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Re: Bopomofo ruby use cases

From: Koan-Sin Tan <koansin.tan@gmail.com>
Date: Mon, 20 Dec 2010 10:50:53 +0800
Message-ID: <AANLkTime31fOEgxXWC-myscUGbhWL_usHmnjC62kC_8b@mail.gmail.com>
To: Richard Ishida <ishida@w3.org>
Cc: www-style@w3.org, public-i18n-cjk@w3.org, www-international@w3.org, public-html-ig-zh@w3.org
On Wed, Dec 15, 2010 at 11:12 PM, Koan-Sin Tan <koansin.tan@gmail.com> wrote:
> On Wed, Dec 8, 2010 at 10:45 PM, Richard Ishida <ishida@w3.org> wrote:
>> When it comes to finalising the CSS3 Ruby spec, it seems that there is still a lack of clarity about certain aspects of how bopomofo ruby should be handled.
>> To help with that, I am trying to compile information about how bopomofo ruby is used.  Perhaps this could become a Note at some point, or eventually be folded into a Chinese Layout Requirements document.
>> For the time being, I am still seeking information about some things and hoping that people can send me examples of usage in the wild.
>> You can find what I have done so far at http://rishida.net/blog/?p=494.   Please send comments, additional information, and examples of use.
> I went to bookstores, collected some information, and took some photos.
> I'll say more later. Quick summary:
> 1. No horizontal Bopomofo ruby is in use right now, as far as I can tell
> 2. Horizontal Bopomofo is still in use, mostly by horizontally typeset
> dictionaries
>    (either Chinese ones or Chinese-English ones)
> http://www.flickr.com/photos/koansin/sets/72157625472336915/

Bopomofo usages:
1. As Kenny said in our previous mails, Bopomofo is taught in grade schools
   in Taiwan. Although there is a "standard" from the Ministry of
Education (MOE)
   including both vertical and horizontal representations, only the vertical one
   is taught in grade schools. Thus, books and materials for schoolchildren,
   including textbooks and picture books, use vertical Bopomofo even when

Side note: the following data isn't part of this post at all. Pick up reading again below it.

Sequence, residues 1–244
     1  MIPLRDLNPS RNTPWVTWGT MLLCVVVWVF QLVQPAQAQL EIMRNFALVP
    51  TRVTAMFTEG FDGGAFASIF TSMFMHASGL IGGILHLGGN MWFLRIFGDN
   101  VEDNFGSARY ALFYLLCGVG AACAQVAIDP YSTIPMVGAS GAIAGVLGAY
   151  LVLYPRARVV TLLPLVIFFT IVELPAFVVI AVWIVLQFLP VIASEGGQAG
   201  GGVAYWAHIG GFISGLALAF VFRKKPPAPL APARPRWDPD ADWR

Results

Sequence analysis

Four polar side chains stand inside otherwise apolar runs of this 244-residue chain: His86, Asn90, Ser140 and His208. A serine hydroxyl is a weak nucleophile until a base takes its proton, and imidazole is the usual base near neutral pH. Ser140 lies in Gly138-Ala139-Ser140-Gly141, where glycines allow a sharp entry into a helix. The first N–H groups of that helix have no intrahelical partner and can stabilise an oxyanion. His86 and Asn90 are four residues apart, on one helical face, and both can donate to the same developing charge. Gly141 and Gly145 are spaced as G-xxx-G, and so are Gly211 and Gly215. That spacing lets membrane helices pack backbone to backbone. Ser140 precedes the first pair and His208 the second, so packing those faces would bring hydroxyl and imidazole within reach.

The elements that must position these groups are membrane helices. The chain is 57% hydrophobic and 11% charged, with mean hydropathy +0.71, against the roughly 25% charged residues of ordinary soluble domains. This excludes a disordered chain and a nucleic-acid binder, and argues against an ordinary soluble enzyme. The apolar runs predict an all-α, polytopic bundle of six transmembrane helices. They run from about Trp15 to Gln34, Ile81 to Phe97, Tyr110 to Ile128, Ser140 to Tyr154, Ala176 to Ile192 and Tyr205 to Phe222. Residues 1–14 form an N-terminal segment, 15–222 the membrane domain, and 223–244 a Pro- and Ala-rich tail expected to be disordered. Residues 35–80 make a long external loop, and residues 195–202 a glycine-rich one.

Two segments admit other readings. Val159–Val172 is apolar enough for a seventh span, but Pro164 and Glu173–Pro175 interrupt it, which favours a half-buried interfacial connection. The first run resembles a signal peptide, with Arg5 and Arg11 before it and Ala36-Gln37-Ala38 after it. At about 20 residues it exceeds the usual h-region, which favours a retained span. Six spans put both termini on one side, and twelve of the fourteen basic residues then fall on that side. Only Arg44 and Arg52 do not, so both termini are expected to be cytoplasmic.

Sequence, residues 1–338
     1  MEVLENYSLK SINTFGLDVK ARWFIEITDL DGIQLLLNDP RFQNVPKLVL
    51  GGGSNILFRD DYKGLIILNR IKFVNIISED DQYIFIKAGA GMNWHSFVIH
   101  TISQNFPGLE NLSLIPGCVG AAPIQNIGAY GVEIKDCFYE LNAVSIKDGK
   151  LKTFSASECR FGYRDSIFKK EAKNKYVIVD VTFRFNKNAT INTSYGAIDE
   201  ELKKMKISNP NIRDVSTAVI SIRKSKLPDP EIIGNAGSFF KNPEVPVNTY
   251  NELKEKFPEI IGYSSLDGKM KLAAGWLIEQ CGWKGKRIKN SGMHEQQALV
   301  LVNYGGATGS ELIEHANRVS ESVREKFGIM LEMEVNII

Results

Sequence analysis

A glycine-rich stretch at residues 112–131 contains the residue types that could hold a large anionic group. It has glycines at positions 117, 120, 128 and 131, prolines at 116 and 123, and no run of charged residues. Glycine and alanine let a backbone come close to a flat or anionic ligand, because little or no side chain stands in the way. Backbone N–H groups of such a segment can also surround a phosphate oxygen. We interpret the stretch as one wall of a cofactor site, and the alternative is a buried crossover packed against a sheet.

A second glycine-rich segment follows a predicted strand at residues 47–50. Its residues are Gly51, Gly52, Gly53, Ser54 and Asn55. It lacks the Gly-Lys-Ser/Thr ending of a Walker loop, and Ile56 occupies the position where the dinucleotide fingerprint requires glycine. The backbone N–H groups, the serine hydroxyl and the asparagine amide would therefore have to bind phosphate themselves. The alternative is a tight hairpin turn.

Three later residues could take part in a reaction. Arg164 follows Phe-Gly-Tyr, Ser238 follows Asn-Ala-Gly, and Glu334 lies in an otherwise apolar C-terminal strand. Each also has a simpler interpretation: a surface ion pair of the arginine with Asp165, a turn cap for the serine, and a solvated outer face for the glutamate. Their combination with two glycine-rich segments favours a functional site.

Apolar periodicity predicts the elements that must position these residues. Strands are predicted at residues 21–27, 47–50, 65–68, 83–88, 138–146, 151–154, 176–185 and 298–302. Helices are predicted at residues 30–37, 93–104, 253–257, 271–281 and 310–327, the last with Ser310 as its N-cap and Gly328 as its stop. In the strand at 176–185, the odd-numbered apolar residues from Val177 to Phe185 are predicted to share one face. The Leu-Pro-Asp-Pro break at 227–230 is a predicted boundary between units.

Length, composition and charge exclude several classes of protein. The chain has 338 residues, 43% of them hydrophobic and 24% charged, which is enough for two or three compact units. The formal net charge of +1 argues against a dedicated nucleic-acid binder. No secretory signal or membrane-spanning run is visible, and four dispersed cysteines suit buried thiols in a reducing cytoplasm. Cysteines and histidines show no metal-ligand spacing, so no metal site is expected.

they are typeset horizontally [1][2]. These kind of examples are
easy to find, if
   you need more photos, let me know.

  [1] http://www.flickr.com/photos/koansin/5263448222/
  [2] http://www.flickr.com/photos/koansin/5262838101/

2. The other major usage of Bopomofo is to annotate ancient texts. For example,
    [1] shows the Book of Songs [2] with Bopomofo. Those old books are
printed in
    modern script so we may know most of those Han characters. But some of the
    pronunciations are much different from current Mandarin, so we
need Bopomofo.
    Tons of such books are in print [3].

[1] http://www.flickr.com/photos/koansin/5262839121/
[2] http://en.wikipedia.org/wiki/Book_of_Songs_(Chinese)
[3] http://www.flickr.com/photos/koansin/5263450048/

3. Horizontal Bopomofo ruby: It seems there is no book with horizontal Bopomofo
    ruby in print nowadays. I believe if I go to National Central
Library [1] and go thru
    microfilms, I can find some examples. However, since it's not in
use right now,
    I think we can ignore it for CSS3 Ruby Module for now.

[1] http://www.ncl.edu.tw/mp.asp?mp=5

4. Horizontal Bopomofo: Yes, horizontal Bopomofo is still in use,
mostly by horizontally
    typeset dictionaries. A dictionary by MOE in 1981 used it [1][2].
Some more recent
    big dictionaries use it too [3][4]. Most Chinese-English
dictionaries that have Bopomofo
    use horizontal one [5].

[1] http://www.flickr.com/photos/koansin/5275283315/
[2] http://www.flickr.com/photos/koansin/5275284467/
[3] http://www.flickr.com/photos/koansin/5263450946/
[4] http://www.flickr.com/photos/koansin/5275519423/
[5] http://www.flickr.com/photos/koansin/5262842035/

Last, something to clarify, I reread your post and saw "sometimes, it
[Bopomofo] is used  for aboriginal Taiwanese languages." Probably,
you think that Taiwanese means aboriginal Taiwanese languages, or
you read it somewhere such as Wikipedia. I don't think that's right.
usually when we say we speak Taiwanese,it means a variant of
South Min [1]. Some people do use Bopofomo and Bopomofo
extended [2] to annotate Taiwanese. However, aboriginal Taiwanese
languages are in Austronesian language family [3].  Not in
Sino-Tibetans. Usually, IPA or various orthographies developed by
Western missionaries are used to record those aboriginal languages,
because Bopomofo can't cover pronunciations of aboriginal Taiwanese

[1] http://en.wikipedia.org/wiki/Min_Nan
[2] http://unicode.org/charts/PDF/U31A0.pdf
[3] http://en.wikipedia.org/wiki/Austronesian_languages

// koan-sin tan
Received on Monday, 20 December 2010 02:52:30 UTC

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